A Duck Tour amphibious craft comes ashore in London (Wiki Commons)
At least 30 tourists had to be rescued from a Duck Tour amphibious craft on the river Thames on Sunday following a fire on board. Tourists had to be fished from the water near the Houses of Parliament following the incident.
The fire raises fresh concerns over the safety of amphibious vessels, coming after two separate incidents in Albert Dock on Merseyside when so-called "yellow duckmarines" sank and tourists had to be fished from the water.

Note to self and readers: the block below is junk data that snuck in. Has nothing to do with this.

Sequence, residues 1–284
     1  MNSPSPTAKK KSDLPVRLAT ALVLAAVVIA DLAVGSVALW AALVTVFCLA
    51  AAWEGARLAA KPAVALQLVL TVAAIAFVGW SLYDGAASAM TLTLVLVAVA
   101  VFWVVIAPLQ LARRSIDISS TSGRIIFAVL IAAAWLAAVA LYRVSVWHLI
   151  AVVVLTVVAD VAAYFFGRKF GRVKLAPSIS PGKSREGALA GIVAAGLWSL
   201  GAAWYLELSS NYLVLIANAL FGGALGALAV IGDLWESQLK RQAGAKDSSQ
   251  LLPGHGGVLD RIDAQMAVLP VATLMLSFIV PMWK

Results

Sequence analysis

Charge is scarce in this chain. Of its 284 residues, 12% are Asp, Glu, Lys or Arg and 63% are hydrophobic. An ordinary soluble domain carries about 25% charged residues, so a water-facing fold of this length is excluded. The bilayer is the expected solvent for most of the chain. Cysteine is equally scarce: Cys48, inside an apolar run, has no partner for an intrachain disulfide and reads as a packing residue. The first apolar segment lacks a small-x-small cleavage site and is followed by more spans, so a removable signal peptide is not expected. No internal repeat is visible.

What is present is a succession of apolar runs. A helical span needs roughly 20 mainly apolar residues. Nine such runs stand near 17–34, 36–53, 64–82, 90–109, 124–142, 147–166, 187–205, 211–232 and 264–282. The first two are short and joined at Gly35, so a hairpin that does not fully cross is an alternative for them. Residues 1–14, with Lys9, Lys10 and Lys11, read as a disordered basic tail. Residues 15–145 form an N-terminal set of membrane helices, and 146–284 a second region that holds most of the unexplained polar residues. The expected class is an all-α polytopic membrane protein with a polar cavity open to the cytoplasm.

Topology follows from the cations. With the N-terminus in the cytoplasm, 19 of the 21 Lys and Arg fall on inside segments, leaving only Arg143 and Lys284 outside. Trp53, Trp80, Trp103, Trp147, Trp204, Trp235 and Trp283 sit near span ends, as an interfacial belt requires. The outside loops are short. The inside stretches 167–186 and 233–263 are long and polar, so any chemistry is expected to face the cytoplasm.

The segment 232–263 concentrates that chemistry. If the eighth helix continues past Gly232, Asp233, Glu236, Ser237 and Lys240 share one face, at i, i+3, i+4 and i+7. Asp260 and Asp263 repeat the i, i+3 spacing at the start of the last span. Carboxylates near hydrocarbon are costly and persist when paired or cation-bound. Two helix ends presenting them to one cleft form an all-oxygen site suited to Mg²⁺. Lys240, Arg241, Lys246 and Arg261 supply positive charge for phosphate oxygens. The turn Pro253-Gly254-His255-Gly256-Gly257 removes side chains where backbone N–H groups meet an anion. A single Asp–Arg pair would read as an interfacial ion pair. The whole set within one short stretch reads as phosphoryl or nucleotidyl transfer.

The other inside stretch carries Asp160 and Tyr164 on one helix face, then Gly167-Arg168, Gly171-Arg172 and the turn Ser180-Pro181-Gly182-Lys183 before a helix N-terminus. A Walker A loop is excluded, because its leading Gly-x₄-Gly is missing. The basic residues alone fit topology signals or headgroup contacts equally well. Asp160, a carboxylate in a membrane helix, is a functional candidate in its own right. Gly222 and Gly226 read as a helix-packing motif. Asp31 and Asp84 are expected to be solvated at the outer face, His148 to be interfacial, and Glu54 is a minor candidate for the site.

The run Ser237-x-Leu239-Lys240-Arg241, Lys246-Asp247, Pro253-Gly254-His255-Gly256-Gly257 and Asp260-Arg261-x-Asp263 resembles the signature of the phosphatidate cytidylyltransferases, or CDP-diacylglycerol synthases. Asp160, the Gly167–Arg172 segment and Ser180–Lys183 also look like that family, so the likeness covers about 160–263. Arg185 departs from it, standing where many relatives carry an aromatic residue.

Many of the amphibious vessels were originally built as World War II landing craft. There are thought to be up to 1,000 in operation around the world. However, duck boats have been described as "death traps" in the US following a number of fatalities involving the craft.
Two Hungarian tourists drowned in the Delaware in 2010 when a duck boat collided with a barge in Philadelphia. In 1999, 13 tourists died when a duck boat sank on Lake Hamilton, Arkansas.
Watch the dramatic rescue of the tourists on board in the YouTube clip below:
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